On The Hill

Health Update (December 7)

Dec 10, 2018 | SHARE  
Remembering 41

This week, Washington, D.C. took time to honor the life of former President George H.W. Bush, who died last Friday night at the age of 94. From Monday until Wednesday morning, the former president laid in state in the U.S. Capitol Rotunda, and thousands of Americans came to pay their respects. On Wednesday morning, a motorcade took President Bush’s body to the National Cathedral, where former colleagues, family, and friends held a memorial service which included a eulogy from his son, former President George W. Bush. On Wednesday evening, President George H.W. Bush’s casket was flown to Texas, and a funeral service was held in Houston, Texas before a train took his remains to its final resting place at the Bush Presidential Library in College Station.


Government Funding Negotiations

Due to unexpected schedule changes surrounding the week of mourning for President George H.W. Bush, Congress avoided a last-minute fight and potential partial government shutdown ahead of the December 7th funding deadline. Both chambers approved the short-term spending bill to give lawmakers more time to reach an agreement on the remaining 7 government appropriations bills, setting a new deadline of December 21st. At issue in the fight between the parties is funding for President Trump’s border wall. Democrats have agreed to $1.6 billion in additional border funding–far short of the $5 billion request from the Trump administration. Senate Minority Leader Chuck Schumer (D-NY) said that none of the $1.6 billion could be used for construction of the 30 foot border wall, and could only be used for “fencing, using technology currently deployed at the border, and only where the experts say fencing is appropriate and makes sense.”[1]


Drug Pricing

This week, Department of Health and Human Services (HHS) Secretary Alex Azar announced the new Senior Advisor to the Secretary for Drug Pricing Reform, a position made vacant by the unexpected death of senior advisor Dan Best. Secretary Azar announced John O’Brien as the new senior advisor. Mr. O’Brien previously served as Advisor to the Secretary for health reform and drug pricing, as well as Deputy Assistant Secretary for Health Policy.[2]


In a potential preview of bipartisan drug pricing legislation to come in the 116th Congress, Senators Chuck Grassley (R-IA) and Ron Wyden (D-OR) introduced S. 3702 this week. Known as the “Right Rebate Act of 2018,” the legislation would prevent the misclassification of drugs in the Medicaid drug rebate program and create civil penalties for deliberate misclassification of a covered drug.[3] To read the full bill, please click here.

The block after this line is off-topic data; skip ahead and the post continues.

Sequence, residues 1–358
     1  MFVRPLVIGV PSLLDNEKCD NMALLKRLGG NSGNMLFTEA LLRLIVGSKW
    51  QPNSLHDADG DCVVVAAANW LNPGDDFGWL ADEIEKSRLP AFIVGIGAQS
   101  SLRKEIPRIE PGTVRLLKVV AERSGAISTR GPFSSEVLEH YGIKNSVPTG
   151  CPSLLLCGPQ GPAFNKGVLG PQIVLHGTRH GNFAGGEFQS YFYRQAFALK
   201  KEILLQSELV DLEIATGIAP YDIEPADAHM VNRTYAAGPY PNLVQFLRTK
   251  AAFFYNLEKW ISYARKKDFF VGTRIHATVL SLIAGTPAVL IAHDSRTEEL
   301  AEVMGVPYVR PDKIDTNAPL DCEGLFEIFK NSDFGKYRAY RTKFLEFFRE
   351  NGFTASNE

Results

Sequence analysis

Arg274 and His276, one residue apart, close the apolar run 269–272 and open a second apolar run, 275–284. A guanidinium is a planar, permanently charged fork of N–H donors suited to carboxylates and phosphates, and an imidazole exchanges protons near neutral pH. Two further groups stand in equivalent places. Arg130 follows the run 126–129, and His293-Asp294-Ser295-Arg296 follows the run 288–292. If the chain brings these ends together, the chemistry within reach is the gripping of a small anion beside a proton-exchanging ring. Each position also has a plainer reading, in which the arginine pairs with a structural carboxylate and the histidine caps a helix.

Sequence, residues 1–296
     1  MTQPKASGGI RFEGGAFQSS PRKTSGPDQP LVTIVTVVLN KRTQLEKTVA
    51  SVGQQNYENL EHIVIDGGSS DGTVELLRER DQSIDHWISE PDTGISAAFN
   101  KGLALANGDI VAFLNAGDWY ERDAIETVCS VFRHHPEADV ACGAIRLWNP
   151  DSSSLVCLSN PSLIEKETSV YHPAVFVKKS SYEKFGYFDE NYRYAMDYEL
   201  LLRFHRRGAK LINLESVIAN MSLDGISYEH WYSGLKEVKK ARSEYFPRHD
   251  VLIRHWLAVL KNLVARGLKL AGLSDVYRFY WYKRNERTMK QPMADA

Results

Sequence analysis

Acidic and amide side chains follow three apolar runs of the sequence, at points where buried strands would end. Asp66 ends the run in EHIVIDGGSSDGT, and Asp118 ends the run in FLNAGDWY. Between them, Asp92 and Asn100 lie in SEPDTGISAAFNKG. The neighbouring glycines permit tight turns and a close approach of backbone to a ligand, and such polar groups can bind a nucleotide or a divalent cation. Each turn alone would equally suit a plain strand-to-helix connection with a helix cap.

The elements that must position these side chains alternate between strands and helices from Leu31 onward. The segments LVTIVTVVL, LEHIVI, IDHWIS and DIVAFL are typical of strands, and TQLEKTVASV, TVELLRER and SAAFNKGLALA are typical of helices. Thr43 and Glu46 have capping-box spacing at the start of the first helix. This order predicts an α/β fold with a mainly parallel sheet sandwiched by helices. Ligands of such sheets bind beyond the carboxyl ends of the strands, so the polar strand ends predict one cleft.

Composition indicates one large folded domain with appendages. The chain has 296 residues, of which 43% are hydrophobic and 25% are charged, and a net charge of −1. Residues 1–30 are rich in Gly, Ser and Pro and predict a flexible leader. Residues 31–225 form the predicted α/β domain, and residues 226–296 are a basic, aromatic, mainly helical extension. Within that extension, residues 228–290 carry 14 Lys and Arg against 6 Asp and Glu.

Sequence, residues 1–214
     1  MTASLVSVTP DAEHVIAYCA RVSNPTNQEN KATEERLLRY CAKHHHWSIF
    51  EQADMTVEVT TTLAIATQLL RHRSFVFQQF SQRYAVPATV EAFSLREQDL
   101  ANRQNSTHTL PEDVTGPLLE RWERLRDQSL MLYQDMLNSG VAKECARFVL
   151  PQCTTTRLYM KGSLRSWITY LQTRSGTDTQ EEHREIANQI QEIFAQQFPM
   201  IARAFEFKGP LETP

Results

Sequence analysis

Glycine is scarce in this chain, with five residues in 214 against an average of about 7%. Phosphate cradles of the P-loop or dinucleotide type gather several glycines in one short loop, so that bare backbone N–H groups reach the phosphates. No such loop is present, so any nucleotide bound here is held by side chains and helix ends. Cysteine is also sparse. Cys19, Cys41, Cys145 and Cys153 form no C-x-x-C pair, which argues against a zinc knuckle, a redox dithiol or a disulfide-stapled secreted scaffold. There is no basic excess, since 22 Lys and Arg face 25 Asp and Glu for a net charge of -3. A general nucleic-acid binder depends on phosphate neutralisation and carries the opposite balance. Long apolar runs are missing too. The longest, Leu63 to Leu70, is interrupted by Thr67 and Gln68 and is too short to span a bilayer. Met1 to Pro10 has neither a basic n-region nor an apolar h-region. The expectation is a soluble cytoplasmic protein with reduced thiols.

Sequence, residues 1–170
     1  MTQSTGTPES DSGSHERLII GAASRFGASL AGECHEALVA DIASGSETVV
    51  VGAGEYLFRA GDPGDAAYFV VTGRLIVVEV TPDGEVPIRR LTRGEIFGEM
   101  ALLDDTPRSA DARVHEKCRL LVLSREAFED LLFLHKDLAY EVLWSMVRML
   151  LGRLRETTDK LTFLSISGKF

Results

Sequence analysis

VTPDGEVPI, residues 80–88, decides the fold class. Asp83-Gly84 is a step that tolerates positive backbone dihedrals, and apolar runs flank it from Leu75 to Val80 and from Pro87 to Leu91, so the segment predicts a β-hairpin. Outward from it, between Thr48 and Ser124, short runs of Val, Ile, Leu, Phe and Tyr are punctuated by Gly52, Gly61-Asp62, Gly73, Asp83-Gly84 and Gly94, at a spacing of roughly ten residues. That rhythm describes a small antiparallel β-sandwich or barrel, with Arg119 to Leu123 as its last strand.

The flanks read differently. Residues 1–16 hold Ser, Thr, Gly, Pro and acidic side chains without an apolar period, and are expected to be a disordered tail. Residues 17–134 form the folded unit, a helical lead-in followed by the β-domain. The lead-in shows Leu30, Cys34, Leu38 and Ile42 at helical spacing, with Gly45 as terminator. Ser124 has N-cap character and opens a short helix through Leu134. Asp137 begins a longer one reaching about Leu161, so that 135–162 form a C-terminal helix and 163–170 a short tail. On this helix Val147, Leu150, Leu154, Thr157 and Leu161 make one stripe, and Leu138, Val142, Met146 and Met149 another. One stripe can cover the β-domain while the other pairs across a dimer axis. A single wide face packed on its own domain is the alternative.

The pharmaceutical company Actelion will pay $360 million to resolve an alleged violation of the False Claims Act. The Justice Department announced on Thursday that Actelion Pharmaceuticals illegally used a foundation as a conduit to pay copays for thousands of Medicare patients. Pharmaceutical companies are prohibited by the federal Anti-Kickback Statute from paying to require Medicare patients to purchase that company’s drugs.[4] For more on this settlement, see the press release from the Department of Justice by clicking here.


Health Care Choice and Competition Report

The Department of Health and Human Services, in conjunction with the Departments of Treasury and Labor, released a report this week entitled “Reforming America’s Healthcare System Through Choice and Competition.” The report “describes the influence of state and federal laws, regulations, guidance, and policies on choice and competition in health care markets and identifies actions that states or the Federal Government could take to develop a better functioning health care market.” The report highlights the impact of several administration initiatives, such as the final rule on Association Health Plans, the Tax Cuts and Jobs Act (TCJA), and the “American Patients First” drug blueprint. While the report is favorable to those initiatives, it also discusses recommendations for improvement in the following four areas: health care workforce and labor markets, health care provider markets, health care insurance markets, and consumer-driven healthcare.[5] To read the full report, click here.


Affordable Care Act

This week, the Centers for Medicare & Medicaid Services (CMS) issued a final rule on adoption of the methodology for the 2018 risk adjustment program. The effective date is Friday, February 8th, 2019. The final rule was issued in light of the ongoing litigation in the U.S. District Court of New Mexico, which vacated the use of statewide average premium for the risk adjustment methodology for 2014-2018. The litigation is still pending, but CMS Administrator Seema Verma said the decision to issue a final rule was made “to preserve the consistent, ongoing operation of the Risk Adjustment program for the 2018 benefit year.”[6] To view the final rule, click here.